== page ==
Researchers in Japan have found that a certain species of moss is capable of removing lead from water in substantial quantities.
Funaria hygrometrica was found by researchers at the RIKEN Center for Sustainable Resource Science (CSRS) in Japan to have absorbed lead up to 74 per cent of its dry weight after 22 hours of exposure to contaminated water.
“We found that the moss can function as an excellent lead absorbent when in the protonema stage of development,” said first author Misao Itouga. “This valuable ability means that moss protonema will likely make exceptional wastewater cleaners in mining and chemical industries.”
The CSRS researchers began their search for a phytoremediation-based removal method by looking at F. hygrometrica, a moss that is known to grow well in sites contaminated with metals like copper, zinc, and lead. Using mass-spectrometer analysis showed that the moss cells had absorbed lead at a much higher rate than other metals in prepared solutions with varying concentrations of 15 different metals.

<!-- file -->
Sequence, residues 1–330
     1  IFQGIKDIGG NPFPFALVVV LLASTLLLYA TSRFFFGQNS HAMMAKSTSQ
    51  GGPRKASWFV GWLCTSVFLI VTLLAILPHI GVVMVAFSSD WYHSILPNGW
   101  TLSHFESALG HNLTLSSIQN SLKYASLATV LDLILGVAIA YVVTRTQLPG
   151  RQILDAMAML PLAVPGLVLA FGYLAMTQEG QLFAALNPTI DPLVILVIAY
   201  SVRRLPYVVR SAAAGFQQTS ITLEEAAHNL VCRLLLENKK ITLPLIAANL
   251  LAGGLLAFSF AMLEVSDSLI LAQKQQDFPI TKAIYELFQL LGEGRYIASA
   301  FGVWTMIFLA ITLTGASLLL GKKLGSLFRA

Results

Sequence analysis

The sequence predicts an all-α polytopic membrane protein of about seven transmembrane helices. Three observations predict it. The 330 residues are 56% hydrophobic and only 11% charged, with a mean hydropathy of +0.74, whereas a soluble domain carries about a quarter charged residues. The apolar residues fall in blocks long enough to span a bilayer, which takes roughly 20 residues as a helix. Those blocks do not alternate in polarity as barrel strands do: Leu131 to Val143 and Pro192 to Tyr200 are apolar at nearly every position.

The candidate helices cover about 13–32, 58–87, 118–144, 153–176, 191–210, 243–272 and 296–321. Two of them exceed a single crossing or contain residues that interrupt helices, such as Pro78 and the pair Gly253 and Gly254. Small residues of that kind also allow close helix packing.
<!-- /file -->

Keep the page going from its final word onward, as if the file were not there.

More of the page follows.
Knowing where the lead accumulates in the moss is important for understanding how absorption occurs and for developing the most efficient phytoremediation. Analysis showed that within the moss protonema cells more than 85 per cent of the lead had accumulated in the cell walls.
Focusing on the cell walls, the team found that they absorbed lead even after being removed from living moss, which indicated that there is something special about the cell walls of this species of moss. Further analysis with two-dimensional nuclear magnetic resonance indicated that polygalacturonic acid in the cell walls was responsible for absorbing the lead. “We compared F. hygrometrica data with those from land plants and seaweeds,” said Itouga, “and found that the presence of polygalacturonic acid in the cell wall is one of the characteristics that separated this type of moss from other plants.”
“Our findings show that F. hygrometrica is a useful bio-material for recovering lead from aqueous solutions,” said co-author Hitoshi Sakakibara, “and will contribute to the Sustainable Development Goals set by the United Nations, specifically the Life on Land goal.”
Adapted from the Science Daily article.